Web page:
Dear Mr. Premack: My husband is incapacitated and I am agent under
his Power of Attorney. Recently I placed some of our assets in a ladder of
CDs. I opted to have these in my name with my husband as beneficiary,
thinking this would provide protect his rights without my having to use
his Power of Attorney. Using the Power of Attorney has been troublesome in
the past as I have been asked to provide a "current" doctor's
authorization. Have I handled the CDs in a legal way? I am particularly
concerned since I am 87 and it is possible my daughter will have to deal
with this if I should predecease him. – E.K.
Ordinarily, using a
power of attorney does not require any type of doctor’s authorization.
Even though you did not say so, I therefore suspect that the power of
attorney which your husband signed is a “springing” durable power of
Let me define the legal terms. A “power of attorney” is
any document which appoints an agent, giving that agent authority to
handle some type of transaction on behalf of the principal. A power of
attorney can be “general” or “limited” in scope. A general power of
attorney is very broad in the scope of powers given to the agent,
essentially saying, “Whatever I can do, you can do on my behalf.” A
limited power of attorney is narrow in the scope of powers given to the
agent, for instance saying, “You can sell my car for me.” Either way, the
grant of power begins at the moment the principal signs the power of
Whether a power of attorney is general or
limited, it is only valid during a time period in which the principal is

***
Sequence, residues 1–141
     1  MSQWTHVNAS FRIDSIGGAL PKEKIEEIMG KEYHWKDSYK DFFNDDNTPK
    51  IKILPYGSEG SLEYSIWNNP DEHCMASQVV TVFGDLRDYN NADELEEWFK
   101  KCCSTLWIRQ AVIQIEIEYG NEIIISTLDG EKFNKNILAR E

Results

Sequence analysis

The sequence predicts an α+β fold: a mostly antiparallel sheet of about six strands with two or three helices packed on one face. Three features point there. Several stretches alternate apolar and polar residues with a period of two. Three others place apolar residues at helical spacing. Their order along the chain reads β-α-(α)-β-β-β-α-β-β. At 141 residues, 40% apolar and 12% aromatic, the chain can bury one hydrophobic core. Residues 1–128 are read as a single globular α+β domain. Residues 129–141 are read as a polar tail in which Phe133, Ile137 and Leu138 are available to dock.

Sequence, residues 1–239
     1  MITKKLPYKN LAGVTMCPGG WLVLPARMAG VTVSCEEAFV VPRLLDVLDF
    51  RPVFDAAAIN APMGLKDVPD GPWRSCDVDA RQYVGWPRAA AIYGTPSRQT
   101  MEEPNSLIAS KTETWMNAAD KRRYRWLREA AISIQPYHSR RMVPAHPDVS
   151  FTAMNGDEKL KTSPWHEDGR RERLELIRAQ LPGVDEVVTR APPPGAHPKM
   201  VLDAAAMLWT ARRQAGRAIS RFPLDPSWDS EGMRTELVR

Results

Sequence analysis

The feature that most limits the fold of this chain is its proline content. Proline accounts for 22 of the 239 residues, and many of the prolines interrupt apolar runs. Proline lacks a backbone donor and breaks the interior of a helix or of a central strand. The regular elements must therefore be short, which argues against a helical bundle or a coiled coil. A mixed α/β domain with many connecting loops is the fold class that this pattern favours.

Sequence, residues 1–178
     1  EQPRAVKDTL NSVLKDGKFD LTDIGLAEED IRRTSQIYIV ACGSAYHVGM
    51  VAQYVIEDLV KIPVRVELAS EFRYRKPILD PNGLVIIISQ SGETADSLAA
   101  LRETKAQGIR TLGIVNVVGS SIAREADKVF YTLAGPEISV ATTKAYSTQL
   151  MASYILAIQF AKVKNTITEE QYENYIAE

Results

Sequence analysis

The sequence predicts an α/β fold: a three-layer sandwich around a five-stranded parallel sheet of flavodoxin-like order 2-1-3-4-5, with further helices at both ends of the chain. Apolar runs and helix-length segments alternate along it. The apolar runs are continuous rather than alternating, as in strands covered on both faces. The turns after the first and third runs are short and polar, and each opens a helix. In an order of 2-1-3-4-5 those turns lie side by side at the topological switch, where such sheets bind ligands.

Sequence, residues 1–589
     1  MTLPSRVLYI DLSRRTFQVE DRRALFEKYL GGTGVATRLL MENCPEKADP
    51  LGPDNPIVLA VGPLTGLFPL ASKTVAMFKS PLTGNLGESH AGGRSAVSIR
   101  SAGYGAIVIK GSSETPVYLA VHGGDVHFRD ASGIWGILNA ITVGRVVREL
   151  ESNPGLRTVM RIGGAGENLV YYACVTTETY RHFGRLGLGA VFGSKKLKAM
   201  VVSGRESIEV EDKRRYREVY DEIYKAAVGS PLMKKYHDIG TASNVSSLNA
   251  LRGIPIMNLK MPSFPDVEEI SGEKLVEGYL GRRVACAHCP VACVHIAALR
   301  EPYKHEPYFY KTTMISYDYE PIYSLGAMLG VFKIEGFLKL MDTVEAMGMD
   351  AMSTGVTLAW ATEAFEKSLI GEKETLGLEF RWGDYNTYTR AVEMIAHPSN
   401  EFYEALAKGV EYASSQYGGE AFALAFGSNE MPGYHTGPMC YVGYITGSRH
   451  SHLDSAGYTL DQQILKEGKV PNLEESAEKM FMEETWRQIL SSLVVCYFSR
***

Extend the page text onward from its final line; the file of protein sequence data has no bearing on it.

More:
competent and could perform the particular actions which have been
delegated to the agent. This a “regular” power of attorney, because it
uses the default legal position (that the power of attorney ends when the
principal becomes incapacitated).
In your husband’s case, and in
many situations, a regular power of attorney is completely inadequate. It
would give you absolutely no authority to act on his behalf during his
incapacity when you most need that authority. To allow a power of attorney
to continue even when the principal is incapacitated, a law was passed
which authorizes “durable” power of attorney.
A “durable” power of
attorney contains the statement that, “This power of attorney is not
affected by the disability or incapacity of the principal” and continues
to allow the agent to act for the principal even when the principal has
become incapacitated. Thus the time period using a durable power of
attorney is extended beyond that of a regular power of attorney.
Additionally, a durable power of attorney is typically also a general
power of attorney.
Now we get to the final concept. A “springing”
power of attorney is a general durable power of attorney in which the time
period has again been shifted. Instead of beginning when it is signed by
the principal and ending upon disability (like a regular power of
attorney), a springing power of attorney begins when the principal becomes
disabled. It continues until it is revoked, until the principal recovers,
or until the principal dies. A springing power of attorney is the polar
opposite of a regular power of attorney.
Any springing durable
power of attorney requires evidence that the principal is incapacitated.
An elderly person’s incapacity can be permanent (like dementia) or can be
temporary. Hence, you have been asked to provide “current” proof of your
husband’s continuing disability with a doctor’s letter stating that he is
incapacitated. That letter triggers his springing power of attorney, and
is a precondition to your exercising authority on his behalf.
ask if you handled the CDs in a legal way. Yes, what you did is legally
valid. If your husband dies first, you have control over the CDs. If you
die first, he gets them. If he had the foresight to include your daughter
as successor agent, then after you die she can manage the funds using his
springing power of attorney. She will face the same demand for a doctor’s
authorization until he dies, and then she’ll need to probate his Will to
disburse the funds according to his wishes.
Author's note: for MORE on springing durable powers of attorney, read
the July 11, 2011 column which follows-up on this topic.
Click here for that column.